Bombay High Court: In a preventive detention case, the Division Bench of A.S. Gadkari and Milind N. Jadhav, JJ., held that any unreasonable and unexplainable delay in considering the representation of the detenu is fatal to the continued detention of the detenu.
By the instant Petition, the petitioner had challenged his Order of detention dated 17-05-2022 passed by the Commissioner of Police under the Maharashtra Prevention of Dangerous Activities of Slumlords, Bootleggers, Drug Offenders, Dangerous Persons, and Video Pirates, Sand Smugglers and Persons engaged in Black Marketing of Essential Commodities Act, 1981.
Admittedly, the petitioner had addressed a detailed representation challenging his Detention Order to the Government through the Superintendent of Jail, Nagpur Central Prison, Nagpur. However, the Deputy Secretary, Government of Maharashtra, Home Department (Special) revealed that the representation was not received by the designated Competent Authority. The Superintendent of Nagpur Central Prison also confirmed that her office had inadvertently committed a mistake in forwarding the representation by email and post to the office of Hon. Secretary, Counseling Board (Special-10), Government of Maharashtra instead of forwarding it to the Competent Authority i.e., the Additional Chief Secretary (Home), Home Department (Special), Government of Maharashtra.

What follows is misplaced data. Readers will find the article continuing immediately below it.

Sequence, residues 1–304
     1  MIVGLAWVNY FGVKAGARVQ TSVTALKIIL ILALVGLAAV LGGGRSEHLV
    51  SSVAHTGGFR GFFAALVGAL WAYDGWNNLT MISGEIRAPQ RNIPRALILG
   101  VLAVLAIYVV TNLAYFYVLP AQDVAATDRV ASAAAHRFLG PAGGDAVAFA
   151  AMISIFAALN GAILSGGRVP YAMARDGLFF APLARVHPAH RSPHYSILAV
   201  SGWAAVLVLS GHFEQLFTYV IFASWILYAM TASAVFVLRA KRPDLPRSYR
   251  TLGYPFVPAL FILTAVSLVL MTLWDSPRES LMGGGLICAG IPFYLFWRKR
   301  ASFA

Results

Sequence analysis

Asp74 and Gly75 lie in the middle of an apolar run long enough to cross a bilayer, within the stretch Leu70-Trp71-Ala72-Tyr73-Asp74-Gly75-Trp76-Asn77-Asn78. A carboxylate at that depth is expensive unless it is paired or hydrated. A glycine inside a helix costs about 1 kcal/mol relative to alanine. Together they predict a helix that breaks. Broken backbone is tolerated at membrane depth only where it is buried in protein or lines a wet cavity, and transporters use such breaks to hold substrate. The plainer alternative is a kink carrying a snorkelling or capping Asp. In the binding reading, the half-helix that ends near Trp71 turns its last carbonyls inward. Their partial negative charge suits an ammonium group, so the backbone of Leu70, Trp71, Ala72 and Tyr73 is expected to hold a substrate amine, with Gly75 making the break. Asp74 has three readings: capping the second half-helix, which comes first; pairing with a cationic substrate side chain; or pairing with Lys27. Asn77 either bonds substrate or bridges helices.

The Court noted that there had been a gross delay in forwarding the representation given by the Petitioner to the concerned Authority, due to which his representation could not be considered by the State Government expeditiously and in accordance with law. In Rashid Kapadia v. Medha Gadgil, (2012) 11 SCC 745, the Supreme Court had held that the right of a person, who is preventively detained to make a representation and have it considered by the authority concerned as expeditiously as possible is a fundamental right under Article 22(5). Following the aforesaid decision, the Court held that any unreasonable and unexplainable delay in considering the representation is fatal to the continued detention of the detenu.
In view of the above, the Court concluded that the impugned detention order could not be sustained. Accordingly, the aforesaid detention order was set aside, and the authorities were directed to release the petitioner-detenu.
[Devendra Ramlal Bidlan v. Commissioner of Police, 2022 SCC OnLine Bom 5148, decided on 18-11-2022]
*Kamini Sharma, Editorial Assistant has put this report together.
Advocates who appeared in this case :
For the Petitioner: Advocate Jayshree Tripathi;
For the Respondents: APP J.P. Yagnik;
Mr. J.P. Yagnik, APP for State.